From the wisdom box of sages comes the saying that the tree that bears fruits will always be stoned. The wise ones who bequeathed this saying may not have completely captured the price of success in a place like Nigeria. The tree that bears fruit in a context such as we have in Nigeria is not only pelted with stones, the tree often comes under attacks of adversaries with the sinister intentions to get it completely mowed down, and out of the business of bearing fruits. This reality implies that anyone with the noble intention of planting in Nigeria would have to prepare adequately for not only those who throw stones because they see value, but also for those who are out to eliminate what has been planted probably because they lack the enterprise and acumen to achieve such a milestone.
One corporate entity, which has lived this experience time and again, is Air Peace Airline. Even after the owner was ready to start, it took him years of struggle to eventually bag the required approvals. Shortly after its operations finally took off in 2013, Air Peace struggled, not in the sphere of delivering world class service, but in the realm of perception. There was an avalanche of unflattering scrutiny and much chatter about how the business originated, who was behind it, and where the owner found the funds to come forward with such an ambitious project. The vision and mission may have been too intimidating for an industry that was used to average efforts. As such, unable to grapple with the depth of the project, the startled interlocutors sought to reduce it in their level. The critics showed no interest in key indices such as the number of direct and indirect jobs, which the venture would add to the economy, and how the ancillary effects of the business would impact on lives and livelihoods. While scrutiny from society is welcome in the spirit of transparency and accountability, the type of destructive inquest the airline faced at its infancy was not driven by any noble objective. The traducers were apparently more concerned about demonising the venture than understanding the big picture of benefit for the economy in specific terms of jobs, effect on lives and livelihoods.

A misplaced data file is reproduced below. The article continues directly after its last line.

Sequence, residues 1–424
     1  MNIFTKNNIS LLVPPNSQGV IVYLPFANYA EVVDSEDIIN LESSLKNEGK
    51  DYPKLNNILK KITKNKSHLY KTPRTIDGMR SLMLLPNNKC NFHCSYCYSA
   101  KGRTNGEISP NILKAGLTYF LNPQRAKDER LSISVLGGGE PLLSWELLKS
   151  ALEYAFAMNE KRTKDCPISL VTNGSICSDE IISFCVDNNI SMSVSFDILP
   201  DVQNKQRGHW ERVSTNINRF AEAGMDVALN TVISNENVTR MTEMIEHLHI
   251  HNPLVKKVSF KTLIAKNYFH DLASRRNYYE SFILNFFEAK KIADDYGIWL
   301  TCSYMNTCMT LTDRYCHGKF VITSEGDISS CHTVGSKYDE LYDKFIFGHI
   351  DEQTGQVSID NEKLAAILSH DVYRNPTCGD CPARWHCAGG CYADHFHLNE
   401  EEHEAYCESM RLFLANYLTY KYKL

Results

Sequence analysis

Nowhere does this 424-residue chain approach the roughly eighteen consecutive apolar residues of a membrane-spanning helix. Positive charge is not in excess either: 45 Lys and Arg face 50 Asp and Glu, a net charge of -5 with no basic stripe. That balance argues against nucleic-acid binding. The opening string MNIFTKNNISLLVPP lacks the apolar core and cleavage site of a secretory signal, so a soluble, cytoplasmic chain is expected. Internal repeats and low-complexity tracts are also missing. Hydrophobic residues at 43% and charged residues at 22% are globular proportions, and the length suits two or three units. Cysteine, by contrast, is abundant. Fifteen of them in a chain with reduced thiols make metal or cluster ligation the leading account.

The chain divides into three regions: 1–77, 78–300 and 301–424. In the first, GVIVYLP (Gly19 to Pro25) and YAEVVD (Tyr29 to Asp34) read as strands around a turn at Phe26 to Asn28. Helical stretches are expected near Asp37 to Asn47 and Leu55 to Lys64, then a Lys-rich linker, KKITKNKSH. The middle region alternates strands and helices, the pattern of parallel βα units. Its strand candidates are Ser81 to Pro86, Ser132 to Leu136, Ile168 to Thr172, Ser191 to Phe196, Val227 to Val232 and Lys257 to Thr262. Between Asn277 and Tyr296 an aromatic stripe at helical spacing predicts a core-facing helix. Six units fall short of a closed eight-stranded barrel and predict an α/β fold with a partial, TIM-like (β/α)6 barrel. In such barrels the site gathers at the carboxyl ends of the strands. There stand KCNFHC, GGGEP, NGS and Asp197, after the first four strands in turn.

As such, in the takeoff period, the Air Peace brand had to fight to overcome the perception problems created by stone throwers who sought to portray it as a business, which was being used as a front by a group of corrupt public officials who had stolen the nation’s wealth. Even till this day, those hurling pebbles at the airline have not relented. They still find ways to make unsubstantiated claims that a former First Lady is the actual owner of the airline. This particular, the peddlers say, is valid because the name of the airline sounds similar to Mama Peace, the sobriquet of the former First Lady. After contriving an ownership and identity crisis on the fledgling business, Air Peace’s traducers went on to declare with all sense of magisterial assurance that the business would collapse in no time on account of the alleged shady source of funding for its establishment.
Interestingly, contrary to those doomsday predictions, Air Peace has not collapsed as ominous predictors believed. Rather, the airline has roared through Nigeria’s aerospace to position itself as an industry leader. Its refusal to capitulate left its traducers befuddled; the stone throwers were also left stunned by the magnitude of successes the airline recorded in such a short time in the sector. An airline, which had been dismissed by naysayers and sentenced to a short existence, actually began growing in leaps and bounds. In the domestic market, it quickly cemented its place with the acquisition of brand new aircraft. This feat was unprecedented in a domestic market where buying second-hand planes was considered an achievement. Despite the milestones, it refused to rest on its oars or be limited in its scope. Soon, it started making forays into international routes that used to be the exclusive preserve of foreign airlines. The push for a better deal for customers saw the airline introduce disruptive strategies to shake up the existing pricing regimes. On several routes where the pricing was fixed and deemed unchangeable by foreign airlines, and presented to Nigerians as fate accompli, Air Peace demonstrated the fact that, with free market competition, consumers could get the benefit of options. Customers would then be the kings and queens as they would be free to choose from a broad range of options. A real-life example of Air Peace shaking up things and changing the hitherto dominant price narrative is the Dubai route. Before the ascendancy of the Nigerian airline, the route was the exclusive preserve of the Gulf airlines. Air Peace came in, with the result that many Nigerians had pricing options of 50 per cent less than what the Gulf carriers dominating the route had on offer.